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Old 01-06-2013, 05:48 PM   #9
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Originally Posted by Francesca Knowles View Post


"Captain Tolley's" needs to be able to hang on long enough to set up- it'll just run out if applied to a down-pointing crack.

Francesca
Hmm. I wonder what would happen if you taped the crack off, then put it in from the top, on a vertical one?
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Old 01-06-2013, 09:24 PM   #10
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Originally Posted by Steve and Rosemary View Post

3. I need to fill holes that are no longer being used <cut> there are rivet or screw holes in the front used for something else (a wide, but short, rectangle shape at the front end below the window).
What was removed was most probable a E-Z black water hose holder such as the one sold at Camping World.
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Old 01-06-2013, 11:00 PM   #11
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Hmm. I wonder what would happen if you taped the crack off, then put it in from the top, on a vertical one?
That's standard practice when doing something called "cello finishing".

Basically acetate or poly sheet is taped over the crack being repaired. A small amount of gel coat is put on and the poly is smoothed upwards. The air is removed and the poly sheet not only holds the gel coat in place but makes a very smooth finish.

Ron
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Old 01-08-2013, 12:46 PM   #12
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Name: grant
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search this site, i used this product in the antique refinishing, there are blends for fiberglass repairs,;;ZAP Glue
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Old 01-08-2013, 04:04 PM   #13
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I don't think you can beat Bar Keepers Friend and a soft wet rag for cleaning white gel coat. You might find those inexpensive auto detail scrub brushes of use too.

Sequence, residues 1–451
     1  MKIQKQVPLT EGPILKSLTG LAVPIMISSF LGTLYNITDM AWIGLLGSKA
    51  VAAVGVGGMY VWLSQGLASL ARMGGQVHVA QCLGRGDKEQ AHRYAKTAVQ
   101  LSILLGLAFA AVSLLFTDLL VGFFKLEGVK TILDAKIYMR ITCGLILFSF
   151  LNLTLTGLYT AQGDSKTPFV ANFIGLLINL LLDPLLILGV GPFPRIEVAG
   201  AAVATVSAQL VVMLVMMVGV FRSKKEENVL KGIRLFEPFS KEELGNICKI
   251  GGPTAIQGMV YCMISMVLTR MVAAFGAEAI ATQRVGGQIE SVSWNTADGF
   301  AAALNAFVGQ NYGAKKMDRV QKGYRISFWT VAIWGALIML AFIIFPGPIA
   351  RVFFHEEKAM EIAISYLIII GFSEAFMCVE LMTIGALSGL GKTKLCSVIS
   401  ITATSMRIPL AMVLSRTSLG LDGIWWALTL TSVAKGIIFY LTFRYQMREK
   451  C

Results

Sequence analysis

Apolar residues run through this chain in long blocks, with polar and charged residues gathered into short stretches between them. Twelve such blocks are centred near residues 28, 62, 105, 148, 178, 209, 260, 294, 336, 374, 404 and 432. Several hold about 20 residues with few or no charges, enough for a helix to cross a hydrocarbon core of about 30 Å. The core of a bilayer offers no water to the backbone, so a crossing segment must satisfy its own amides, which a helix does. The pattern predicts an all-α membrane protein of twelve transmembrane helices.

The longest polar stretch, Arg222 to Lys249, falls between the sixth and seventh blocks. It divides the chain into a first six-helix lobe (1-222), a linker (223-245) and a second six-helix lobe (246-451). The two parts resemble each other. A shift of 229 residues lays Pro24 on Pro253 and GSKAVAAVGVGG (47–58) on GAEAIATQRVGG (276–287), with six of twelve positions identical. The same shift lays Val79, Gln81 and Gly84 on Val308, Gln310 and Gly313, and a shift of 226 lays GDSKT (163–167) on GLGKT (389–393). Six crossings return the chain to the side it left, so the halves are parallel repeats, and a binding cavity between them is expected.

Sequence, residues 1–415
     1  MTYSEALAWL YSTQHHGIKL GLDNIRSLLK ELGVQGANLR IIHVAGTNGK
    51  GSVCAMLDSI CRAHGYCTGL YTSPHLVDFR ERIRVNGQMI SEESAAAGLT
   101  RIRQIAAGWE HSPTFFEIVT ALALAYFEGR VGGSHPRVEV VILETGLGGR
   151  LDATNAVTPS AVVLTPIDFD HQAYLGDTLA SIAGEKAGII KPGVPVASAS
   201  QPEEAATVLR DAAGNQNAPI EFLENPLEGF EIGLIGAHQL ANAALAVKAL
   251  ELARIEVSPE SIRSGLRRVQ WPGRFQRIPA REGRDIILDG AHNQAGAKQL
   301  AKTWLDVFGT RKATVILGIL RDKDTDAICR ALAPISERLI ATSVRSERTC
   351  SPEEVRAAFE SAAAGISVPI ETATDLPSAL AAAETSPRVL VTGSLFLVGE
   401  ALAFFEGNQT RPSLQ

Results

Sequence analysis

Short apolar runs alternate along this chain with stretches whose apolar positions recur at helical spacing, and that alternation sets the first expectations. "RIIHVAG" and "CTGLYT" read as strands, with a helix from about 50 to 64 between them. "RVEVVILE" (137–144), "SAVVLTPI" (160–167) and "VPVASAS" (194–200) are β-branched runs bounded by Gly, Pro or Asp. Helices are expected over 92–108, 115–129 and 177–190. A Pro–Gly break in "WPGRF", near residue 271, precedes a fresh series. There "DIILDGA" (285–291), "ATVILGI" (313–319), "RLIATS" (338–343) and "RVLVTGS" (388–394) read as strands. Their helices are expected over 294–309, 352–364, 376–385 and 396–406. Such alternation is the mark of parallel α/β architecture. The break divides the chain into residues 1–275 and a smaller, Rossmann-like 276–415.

I did RedMax and was amazed. SemiChrome or NevrDull polish on the aluminum. But be warned the black from the polish is a pain to get off of the white gel coat. Masking tape or remove to polish.

I sealed several rivets using white liquid electrical tape when cold weather hit before I could replace missing snap caps. White liquid electrical tape appears to have handled the michigan cold/heat cycle for a year and I was able to take it off with a finger nail.

This is not structural repair but does seal, and does not look too bad. Will flow into cracks and crevices.

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Old 07-21-2013, 02:01 PM   #14
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Name: Steve and Rosemary
Trailer: 89 Scamp 16 ft side toilet
Utah
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So here's our final needs list so far.


1. DAP Silicone B Gone: for silicone removal
2. Barkeepers Friend, Bleach, Oxalic Acid blue gel, Nylon Scrubber, TSP: for cleaning before wax.
3. Red Max or Zepp Wet Floor Finish: for final waxing and polishing.
4. Butyl Rubber Caulk in black and white: for capping the rivets and running along belly band and windows after polishing.
5. SemiChrome or NevrDull: for the belly band.

We still need advice about the results of simple and easy ways to fix the spiderweb/hairline cracks in the gel coat. Here's what we are looking at but do you have other suggestions or preferences about the best approach?

1. Captain Tolleys for horizontal cracks only.
2. PC Marine Epoxy Putty by Protective Coating Company. Have no idea how to use but it was suggested before.
3. Small container of gelcoat to match. Again, is this a good approach? Is it easy to fix.
4. ZAP glue was also a recommended solution. Does it work?
5. Nothing at all since the cracks are just cosmetic.

As always, thanks for your advice.